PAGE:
David Greenhalgh: Untangling the flexible working web: What employers need to know

The flexible working phenomenon is set to add £148 billion to the UK economy by 2030, according to recent research by office rental firm Regus. Whilst there is no legal definition of flexible working, it generally includes initiatives such as working from home or a co-working space, hot-desking, flexi-time or even working on the daily commute.

With one in ten employees already on some form of flexible contract and 1.3 million more workers enjoying flexible working arrangements in 2017 compared to 2011, it is clear that these types of requests are on the rise. So, as employees become more aware of how and where they feel they can work most effectively, what do employers need to know about the working model of the future?

Receiving a request

After an employee has worked for a company for 26 weeks, they have a statutory right to make a written request for flexible working, should they wish to. This can be a request to change the total number of hours within their contract (i.e. to go part-time), but could also relate to a change in their working pattern or where they work from. For example, a recent YouGov poll found that over a third (37%) of employees would like to work from 8am-4pm instead of their current working hours. These kind of preferences are exactly what flexible working seeks to address.

Once a request has been received, an employer has three months in which to make a decision – including any appeals procedures should the request be declined initially. Generally, as part of this process, the employer should meet with their employee and discuss the proposed arrangements face-to-face.

Any requests of this nature must be dealt with in a reasonable manner, and the employer must have a solid business reason for rejection. The most common grounds for rejecting a flexible working request are the impact on the business as a result of the individual being out of the office at particular times; an inability to meet customer demand, if a sufficient amount of work cannot be carried out; or the inability to either recruit new staff or reorganise work within the existing team. With a rejection, however, comes the risk of a potential discrimination claim, so the reasoning behind it must be grounded in solid facts.

The future is flexible, but only with the right support

According to Quinyx, two thirds of UK workers (67%) say that they face barriers when it comes to achieving greater flexibility at work, with the reaction of their employer being the highest concern. The same survey also found that one in six workers feel their manager would react badly to a request for greater flexibility, with a further 15% worrying that it would negatively impact their career progression.

This so-called ‘flexism’ means that employees can feel discriminated against for asking for, or even being on flexible working contracts once approved. Instead of relying on these requests, employers should have policies in place which encourage a flexible working culture, such as working from home policies and initiatives or flexi-time.

Technology can make a difference, too. Whilst it can be challenging for employers to monitor the true hours worked when employees are out of the office, technological advances mean that work can increasingly be undertaken anywhere – whether that is at home, from a co-working space or from the local coffee shop.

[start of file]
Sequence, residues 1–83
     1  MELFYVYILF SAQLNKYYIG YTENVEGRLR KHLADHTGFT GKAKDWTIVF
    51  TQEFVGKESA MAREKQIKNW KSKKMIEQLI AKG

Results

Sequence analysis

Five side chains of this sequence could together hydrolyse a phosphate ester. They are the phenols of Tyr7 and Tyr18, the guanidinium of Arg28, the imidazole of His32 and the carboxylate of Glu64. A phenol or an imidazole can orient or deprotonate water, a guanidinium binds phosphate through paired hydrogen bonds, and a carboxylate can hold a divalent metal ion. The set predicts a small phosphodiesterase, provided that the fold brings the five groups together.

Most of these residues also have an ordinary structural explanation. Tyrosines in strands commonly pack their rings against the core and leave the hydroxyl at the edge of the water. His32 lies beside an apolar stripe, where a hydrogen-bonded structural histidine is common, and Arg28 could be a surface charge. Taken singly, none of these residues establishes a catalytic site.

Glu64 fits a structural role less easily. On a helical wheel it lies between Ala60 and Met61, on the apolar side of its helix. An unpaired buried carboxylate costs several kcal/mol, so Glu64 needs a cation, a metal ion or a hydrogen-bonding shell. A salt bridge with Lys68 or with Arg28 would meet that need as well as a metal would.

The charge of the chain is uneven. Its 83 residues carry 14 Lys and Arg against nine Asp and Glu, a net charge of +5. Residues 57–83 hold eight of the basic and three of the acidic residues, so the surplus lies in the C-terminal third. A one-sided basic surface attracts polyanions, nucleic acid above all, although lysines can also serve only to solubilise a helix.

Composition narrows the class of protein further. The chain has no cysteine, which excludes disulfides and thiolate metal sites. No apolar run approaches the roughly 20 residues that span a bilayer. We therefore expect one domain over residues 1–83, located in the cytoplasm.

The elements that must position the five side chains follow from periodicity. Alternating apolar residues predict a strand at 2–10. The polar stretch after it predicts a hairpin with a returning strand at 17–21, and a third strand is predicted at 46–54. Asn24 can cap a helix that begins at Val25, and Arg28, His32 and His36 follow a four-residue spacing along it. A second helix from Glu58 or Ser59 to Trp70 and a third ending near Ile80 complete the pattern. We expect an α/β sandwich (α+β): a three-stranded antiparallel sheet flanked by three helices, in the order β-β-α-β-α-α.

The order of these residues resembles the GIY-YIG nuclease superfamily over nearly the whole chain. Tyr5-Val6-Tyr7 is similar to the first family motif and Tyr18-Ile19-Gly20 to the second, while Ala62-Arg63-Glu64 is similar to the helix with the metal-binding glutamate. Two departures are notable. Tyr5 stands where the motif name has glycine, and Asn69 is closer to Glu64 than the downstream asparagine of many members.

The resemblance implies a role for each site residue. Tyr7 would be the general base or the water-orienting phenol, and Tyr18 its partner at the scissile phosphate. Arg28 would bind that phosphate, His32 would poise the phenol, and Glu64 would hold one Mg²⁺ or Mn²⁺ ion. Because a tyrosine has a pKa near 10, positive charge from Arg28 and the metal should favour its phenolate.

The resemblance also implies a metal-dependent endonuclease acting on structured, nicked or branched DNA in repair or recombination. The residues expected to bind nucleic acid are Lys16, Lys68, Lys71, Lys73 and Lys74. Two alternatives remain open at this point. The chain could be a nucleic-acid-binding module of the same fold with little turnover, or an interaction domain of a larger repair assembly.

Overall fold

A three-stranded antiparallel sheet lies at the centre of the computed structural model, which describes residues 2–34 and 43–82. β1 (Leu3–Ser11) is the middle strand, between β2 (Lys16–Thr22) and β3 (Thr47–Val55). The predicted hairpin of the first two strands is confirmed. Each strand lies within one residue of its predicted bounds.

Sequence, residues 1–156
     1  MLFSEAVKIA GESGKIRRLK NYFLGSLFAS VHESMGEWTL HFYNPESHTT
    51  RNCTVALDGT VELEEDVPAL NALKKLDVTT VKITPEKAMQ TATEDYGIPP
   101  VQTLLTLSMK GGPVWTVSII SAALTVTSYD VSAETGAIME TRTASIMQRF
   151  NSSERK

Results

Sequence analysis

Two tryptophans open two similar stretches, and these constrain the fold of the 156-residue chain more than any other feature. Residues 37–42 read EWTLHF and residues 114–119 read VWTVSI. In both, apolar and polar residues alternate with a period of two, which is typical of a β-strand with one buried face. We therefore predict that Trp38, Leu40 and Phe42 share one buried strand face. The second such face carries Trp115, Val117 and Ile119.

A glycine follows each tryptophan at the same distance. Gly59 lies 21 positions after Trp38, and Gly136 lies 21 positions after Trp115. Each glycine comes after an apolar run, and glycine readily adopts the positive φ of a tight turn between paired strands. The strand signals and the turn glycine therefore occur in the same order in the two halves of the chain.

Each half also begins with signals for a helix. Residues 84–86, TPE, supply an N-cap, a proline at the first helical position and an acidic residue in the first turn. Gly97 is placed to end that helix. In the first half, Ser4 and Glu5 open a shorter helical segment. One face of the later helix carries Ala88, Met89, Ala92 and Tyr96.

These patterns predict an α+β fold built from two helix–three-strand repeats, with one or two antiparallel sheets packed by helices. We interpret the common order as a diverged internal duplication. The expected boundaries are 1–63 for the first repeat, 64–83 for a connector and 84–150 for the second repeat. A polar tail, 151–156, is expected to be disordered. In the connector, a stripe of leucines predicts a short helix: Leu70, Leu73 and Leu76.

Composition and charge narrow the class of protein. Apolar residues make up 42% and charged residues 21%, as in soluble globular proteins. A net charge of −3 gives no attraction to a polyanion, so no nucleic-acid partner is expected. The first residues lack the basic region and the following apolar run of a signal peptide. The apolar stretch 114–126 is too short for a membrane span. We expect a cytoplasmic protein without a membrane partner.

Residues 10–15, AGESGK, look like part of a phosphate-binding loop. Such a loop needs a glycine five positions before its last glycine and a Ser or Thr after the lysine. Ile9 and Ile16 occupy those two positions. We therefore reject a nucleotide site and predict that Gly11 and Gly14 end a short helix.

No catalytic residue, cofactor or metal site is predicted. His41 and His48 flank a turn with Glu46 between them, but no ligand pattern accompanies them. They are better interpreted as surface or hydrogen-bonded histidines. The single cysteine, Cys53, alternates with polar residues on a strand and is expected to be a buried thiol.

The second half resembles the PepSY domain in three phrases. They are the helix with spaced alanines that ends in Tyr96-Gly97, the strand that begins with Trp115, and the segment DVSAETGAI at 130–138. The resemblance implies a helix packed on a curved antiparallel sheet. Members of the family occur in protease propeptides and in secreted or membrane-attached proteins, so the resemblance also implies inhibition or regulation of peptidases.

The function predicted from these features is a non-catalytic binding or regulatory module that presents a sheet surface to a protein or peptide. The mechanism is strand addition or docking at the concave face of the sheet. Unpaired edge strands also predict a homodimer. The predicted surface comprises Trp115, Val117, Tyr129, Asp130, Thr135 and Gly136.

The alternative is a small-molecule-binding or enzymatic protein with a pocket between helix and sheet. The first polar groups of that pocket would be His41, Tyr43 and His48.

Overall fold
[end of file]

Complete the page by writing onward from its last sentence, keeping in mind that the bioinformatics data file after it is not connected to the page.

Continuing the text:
The important thing to note when it comes to employees working outside the office is that it can make it easier to blur the boundaries between work and home life, which has the potential to lead to stress and burn-out. To counteract this and encourage employees to keep these two areas separate, employers should have clear policies on working time which state whether replying to emails or answering calls outside of contracted hours is expected.

Flexible working is no longer considered by some employees to be a ‘perk’ of the job, but rather something that is expected to be written into contracts or at the very least, an option they can take if they wish to do so. By putting policies in place to not only encourage flexible working, but also stipulate what is expected from those that choose to work in this way, employees will be aware of the company’s position from the start and will feel supported in their decision to begin working more flexibly.

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About David Greenhalgh

David is a partner in the Employment practice at London-based law firm Joelson, where he has been since 2015. He advises employers across a wide range of industry sectors, and regularly acts for senior level executives on their disputes, moves, claims, contracts and exit negotiations. Prior to specialising in Employment law, David practised in heavyweight litigation, and secured victory for the families of the Omagh bombing victims in their landmark civil action against the Real IRA. David has continued to offer legal representation in landmark cases in Employment law, and works with clients across a variety of sectors including financial services, media, professional services and hospitality. He has been individually recognised in both Chambers and the prestigious Legal 500 independent guides and has been listed in the Telegraph’s Super Lawyers Guide.

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